How To, by Randall Munroe
Wednesday January 1, 2020
"How To" is essentially more "What If?" (blog/book). It's an excuse for Munroe to talk about interesting things, and it's great. Here are some things I thought were neat:
In "How to Keep Your House from Moving," I learned that you really can't, because of tectonic plates. Keeping track of where things are is surprisingly hard! If you use latitude and longitude, your location will become incorrect as plates move. This is part of why different localities use their own local coordinate systems, which has frustrated me in the past in part because I didn't see any reason for them to do that.
In "How to Play Tag," I learned that Usain Bolt's agent told The New Yorker that Bolt has never run a mile. That's Munroe's careful phrasing, which I appreciate, but it's also just interesting to think about that level of specialization. I tend to value generalization, or cross-training, but it may not always be necessary.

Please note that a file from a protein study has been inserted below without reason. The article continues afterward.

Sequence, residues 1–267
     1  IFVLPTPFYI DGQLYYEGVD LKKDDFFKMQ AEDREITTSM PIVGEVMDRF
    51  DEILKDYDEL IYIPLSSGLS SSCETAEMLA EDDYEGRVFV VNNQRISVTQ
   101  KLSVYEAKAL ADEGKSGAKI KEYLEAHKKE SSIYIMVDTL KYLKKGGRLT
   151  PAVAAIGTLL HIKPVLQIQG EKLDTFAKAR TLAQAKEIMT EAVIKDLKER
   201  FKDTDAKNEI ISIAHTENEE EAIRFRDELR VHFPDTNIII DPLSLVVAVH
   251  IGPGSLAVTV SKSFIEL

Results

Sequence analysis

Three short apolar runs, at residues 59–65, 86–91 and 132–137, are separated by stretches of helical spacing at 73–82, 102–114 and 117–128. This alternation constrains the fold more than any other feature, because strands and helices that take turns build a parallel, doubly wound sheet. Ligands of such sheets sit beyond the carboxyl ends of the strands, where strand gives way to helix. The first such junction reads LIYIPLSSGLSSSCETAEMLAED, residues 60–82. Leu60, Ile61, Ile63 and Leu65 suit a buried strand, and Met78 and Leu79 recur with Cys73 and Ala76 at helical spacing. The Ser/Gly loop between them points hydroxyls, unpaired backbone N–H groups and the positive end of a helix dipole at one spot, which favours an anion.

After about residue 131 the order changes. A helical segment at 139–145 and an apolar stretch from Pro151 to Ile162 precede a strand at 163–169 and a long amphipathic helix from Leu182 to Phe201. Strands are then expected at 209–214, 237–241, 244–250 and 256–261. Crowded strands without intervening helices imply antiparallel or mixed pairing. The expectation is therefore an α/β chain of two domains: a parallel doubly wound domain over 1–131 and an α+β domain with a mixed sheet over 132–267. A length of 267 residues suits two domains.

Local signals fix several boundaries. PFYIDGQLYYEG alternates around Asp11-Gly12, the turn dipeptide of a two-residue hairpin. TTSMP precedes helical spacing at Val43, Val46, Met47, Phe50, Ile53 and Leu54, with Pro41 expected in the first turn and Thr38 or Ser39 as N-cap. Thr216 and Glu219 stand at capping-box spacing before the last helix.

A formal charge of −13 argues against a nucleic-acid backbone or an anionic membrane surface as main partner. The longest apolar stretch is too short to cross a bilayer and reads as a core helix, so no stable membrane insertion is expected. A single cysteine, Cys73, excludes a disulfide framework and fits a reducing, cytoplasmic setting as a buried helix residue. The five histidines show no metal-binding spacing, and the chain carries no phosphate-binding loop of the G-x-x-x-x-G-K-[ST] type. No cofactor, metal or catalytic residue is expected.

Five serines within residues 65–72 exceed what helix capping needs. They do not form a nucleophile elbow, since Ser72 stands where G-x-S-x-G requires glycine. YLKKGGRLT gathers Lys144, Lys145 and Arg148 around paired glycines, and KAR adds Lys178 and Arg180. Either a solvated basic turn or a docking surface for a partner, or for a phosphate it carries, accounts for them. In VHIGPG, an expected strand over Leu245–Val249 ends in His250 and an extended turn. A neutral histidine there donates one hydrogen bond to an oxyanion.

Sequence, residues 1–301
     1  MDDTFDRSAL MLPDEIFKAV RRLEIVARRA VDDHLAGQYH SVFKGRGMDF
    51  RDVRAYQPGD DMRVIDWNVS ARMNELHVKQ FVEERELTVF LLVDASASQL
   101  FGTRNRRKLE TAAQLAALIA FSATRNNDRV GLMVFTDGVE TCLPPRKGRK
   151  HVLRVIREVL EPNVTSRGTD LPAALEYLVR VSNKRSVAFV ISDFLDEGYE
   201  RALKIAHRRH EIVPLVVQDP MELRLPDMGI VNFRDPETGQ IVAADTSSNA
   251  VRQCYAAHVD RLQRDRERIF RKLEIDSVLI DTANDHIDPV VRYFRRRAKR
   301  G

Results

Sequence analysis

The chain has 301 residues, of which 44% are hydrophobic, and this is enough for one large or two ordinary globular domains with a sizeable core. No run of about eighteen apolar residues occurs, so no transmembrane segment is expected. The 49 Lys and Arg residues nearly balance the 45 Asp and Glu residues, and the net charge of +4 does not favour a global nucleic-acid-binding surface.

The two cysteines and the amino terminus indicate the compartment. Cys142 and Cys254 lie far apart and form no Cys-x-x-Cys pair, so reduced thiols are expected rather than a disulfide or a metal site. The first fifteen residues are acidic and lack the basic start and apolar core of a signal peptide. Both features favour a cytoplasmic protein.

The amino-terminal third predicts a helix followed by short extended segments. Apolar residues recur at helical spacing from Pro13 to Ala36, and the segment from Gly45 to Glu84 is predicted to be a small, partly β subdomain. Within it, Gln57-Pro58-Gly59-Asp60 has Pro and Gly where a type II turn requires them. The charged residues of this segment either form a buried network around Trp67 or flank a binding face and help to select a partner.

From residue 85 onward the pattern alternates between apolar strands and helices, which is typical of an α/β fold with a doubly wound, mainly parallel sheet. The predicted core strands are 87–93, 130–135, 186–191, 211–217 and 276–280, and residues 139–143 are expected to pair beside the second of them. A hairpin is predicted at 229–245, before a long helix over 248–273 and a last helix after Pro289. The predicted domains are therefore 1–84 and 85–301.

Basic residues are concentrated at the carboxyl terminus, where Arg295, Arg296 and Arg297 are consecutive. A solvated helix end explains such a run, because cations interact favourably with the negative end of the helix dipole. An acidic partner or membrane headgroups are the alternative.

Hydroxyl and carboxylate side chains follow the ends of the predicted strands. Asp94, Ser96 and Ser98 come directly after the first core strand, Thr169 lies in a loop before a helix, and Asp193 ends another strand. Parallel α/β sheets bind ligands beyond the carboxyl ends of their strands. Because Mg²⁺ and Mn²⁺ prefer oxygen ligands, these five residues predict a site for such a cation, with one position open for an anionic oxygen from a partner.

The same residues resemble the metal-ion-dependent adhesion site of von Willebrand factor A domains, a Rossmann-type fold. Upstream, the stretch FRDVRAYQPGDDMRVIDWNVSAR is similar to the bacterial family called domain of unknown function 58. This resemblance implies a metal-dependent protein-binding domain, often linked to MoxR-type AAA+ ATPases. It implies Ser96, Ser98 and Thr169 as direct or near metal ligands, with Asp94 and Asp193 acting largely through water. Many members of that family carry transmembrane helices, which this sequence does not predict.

In "How to Power Your House (On Earth)," I learned that switchgrass is a really cool plant, and that Betz's law says that wind turbines can't capture more than 16/27 of wind energy because the wind has to keep moving or the turbine won't keep working.
On page 274 it says that UTC is "from its French acronym," which isn't quite right, and the real story is much more fun. But in general the book seems basically correct in its wild order-of-magnitude flights of fancy, and it's a darn good time.